house of representatives
The chamber of the House of Representatives on Capitol Hill in Washington [File]. (photo credit:REUTERS)

Pressure is growing on New York’s Senator Chuck Schumer to oppose the Obama administration’s chief diplomatic achievement: Its nuclear accord with Iran.

The senator has over six weeks— when Congress will vote on whether to approve or disapprove of the agreement— to decide where he falls. But so far, every member of Congress representing New York that is publicly declared on the matter has said they will oppose it.

That group now includes four Democrats in the House of Representatives: Grace Meng (D-NY 6th District), Kathleen Rice (D-NY 4th District) and, as of Tuesday, Nita Lowey (D-NY 17th District) and Steve Israel (D-NY 3rd District).

Lowey is the top Democrat on the House Appropriations Committee and one of the party’s most senior Jewish members. Israel, also Jewish, is the highest-ranking Jewish member in the House and served as head of the Democratic Congressional Campaign Committee in the 2014 election cycle.

“I tried very hard to get to yes,” Israel said. “But at the end of the day, despite some positive elements in the deal, the totality compelled me to oppose it.” Their opposition was announced several hours after Prime Minister Benjamin Netanyahu addressed the US Jewish community via live telecast, urging it to unite in opposition to the agreement.

The deal, formally known as the Joint Comprehensive Plan of Action, seeks to cap, restrict, monitor and partially roll back Iran’s nuclear work in exchange for permanent sanctions relief.

US President Barack Obama says the deal achieves Washington’s long-sought goal of preventing Iran from acquiring a nuclear weapon. Critics dispute this claim, arguing that the deal guarantees Tehran will become a nuclear-threshold state, with full international legitimacy, in ten to fifteen years.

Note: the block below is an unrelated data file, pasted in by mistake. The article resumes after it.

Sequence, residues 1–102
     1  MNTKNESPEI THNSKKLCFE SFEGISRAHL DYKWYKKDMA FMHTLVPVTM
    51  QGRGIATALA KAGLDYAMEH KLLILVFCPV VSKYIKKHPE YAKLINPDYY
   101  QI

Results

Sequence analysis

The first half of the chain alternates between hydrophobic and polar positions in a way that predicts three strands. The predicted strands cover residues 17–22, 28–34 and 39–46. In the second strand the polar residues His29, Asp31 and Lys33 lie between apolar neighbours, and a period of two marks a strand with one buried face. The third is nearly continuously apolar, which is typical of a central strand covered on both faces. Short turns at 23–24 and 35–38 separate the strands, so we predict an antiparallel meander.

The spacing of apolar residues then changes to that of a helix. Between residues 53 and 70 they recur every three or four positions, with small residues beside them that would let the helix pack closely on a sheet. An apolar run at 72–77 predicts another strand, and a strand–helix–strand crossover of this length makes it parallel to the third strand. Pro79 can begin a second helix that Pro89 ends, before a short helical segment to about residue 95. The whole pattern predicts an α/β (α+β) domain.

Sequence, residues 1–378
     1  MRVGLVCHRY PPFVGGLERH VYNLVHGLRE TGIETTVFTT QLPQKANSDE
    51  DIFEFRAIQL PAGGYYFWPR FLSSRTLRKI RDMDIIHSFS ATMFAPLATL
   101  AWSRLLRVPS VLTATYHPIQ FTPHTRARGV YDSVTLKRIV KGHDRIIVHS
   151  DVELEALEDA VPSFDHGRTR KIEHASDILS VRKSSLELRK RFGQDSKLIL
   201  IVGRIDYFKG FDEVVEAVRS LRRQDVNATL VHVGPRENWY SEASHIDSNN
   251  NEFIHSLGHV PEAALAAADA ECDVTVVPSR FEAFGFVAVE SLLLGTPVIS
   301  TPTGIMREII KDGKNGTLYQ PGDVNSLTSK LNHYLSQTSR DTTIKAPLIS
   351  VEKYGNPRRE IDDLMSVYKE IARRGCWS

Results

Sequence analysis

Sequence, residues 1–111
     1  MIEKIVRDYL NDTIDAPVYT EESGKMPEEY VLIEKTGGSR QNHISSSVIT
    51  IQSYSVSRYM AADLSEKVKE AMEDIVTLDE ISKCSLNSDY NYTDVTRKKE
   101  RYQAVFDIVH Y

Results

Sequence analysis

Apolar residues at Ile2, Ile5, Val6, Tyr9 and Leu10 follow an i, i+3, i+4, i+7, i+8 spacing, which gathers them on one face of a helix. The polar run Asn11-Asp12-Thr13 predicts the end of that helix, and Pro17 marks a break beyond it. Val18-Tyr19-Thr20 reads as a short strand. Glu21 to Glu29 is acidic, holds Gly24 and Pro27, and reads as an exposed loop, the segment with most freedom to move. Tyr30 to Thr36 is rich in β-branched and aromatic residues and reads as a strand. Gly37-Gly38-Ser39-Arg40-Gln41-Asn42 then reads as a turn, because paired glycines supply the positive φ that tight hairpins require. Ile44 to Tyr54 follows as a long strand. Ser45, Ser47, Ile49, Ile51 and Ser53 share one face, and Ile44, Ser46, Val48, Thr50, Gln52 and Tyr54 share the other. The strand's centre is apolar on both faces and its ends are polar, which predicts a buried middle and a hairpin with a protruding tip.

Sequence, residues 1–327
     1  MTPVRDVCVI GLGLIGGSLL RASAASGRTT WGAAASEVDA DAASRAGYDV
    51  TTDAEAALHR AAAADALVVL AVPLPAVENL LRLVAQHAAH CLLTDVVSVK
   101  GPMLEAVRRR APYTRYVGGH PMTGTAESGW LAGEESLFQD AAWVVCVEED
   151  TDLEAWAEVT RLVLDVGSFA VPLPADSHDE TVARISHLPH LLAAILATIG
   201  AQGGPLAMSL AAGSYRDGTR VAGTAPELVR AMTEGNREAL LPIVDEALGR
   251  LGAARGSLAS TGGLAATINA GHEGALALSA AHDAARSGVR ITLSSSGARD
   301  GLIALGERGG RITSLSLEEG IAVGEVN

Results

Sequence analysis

“This agreement will leave the international community with limited options in 15 years to prevent nuclear breakout in Iran, which will be an internationally-recognized nuclear threshold state, capable of producing highly enriched uranium,” Lowey said on Tuesday. “I remain hopeful that the Administration and Congress, in concert with our P5+1 and regional allies, can prevent Iran from obtaining a nuclear weapon.” Growing New York opposition to the deal further highlights the predicament facing Schumer, who is slated to become the next leader of the Senate Democratic caucus.

In Washington, Schumer’s decision to oppose the president on a signature issue may put his future leadership position at risk.

But should he declare his intentions early, several Democrats in the Senate may also follow suit. Thus far, ten Democratic senators have declared their support for the deal, while none have declared opposition.

Also on Tuesday, Congressman Ted Deutch (D-FL 21st District), also Jewish, declared his disapproval.

“After a decade in public life working to stop Iran from ever acquiring nuclear weapons, I cannot support a deal giving Iran billions of dollars in sanctions relief – in return for letting it maintain an advanced nuclear program and the infrastructure of a threshold nuclear state,” Deutch said in an op-ed featured in the Sun Sentinel.

But Florida Senator Ted Nelson, a Democrat, announced his intention to vote for the deal earlier in the day, citing a lack of alternatives. Joining him in support were senators Tim Kaine (D-Virginia) and Barbara Boxer (D-California), a senior Jewish lawmaker.

As reported by The Jerusalem Post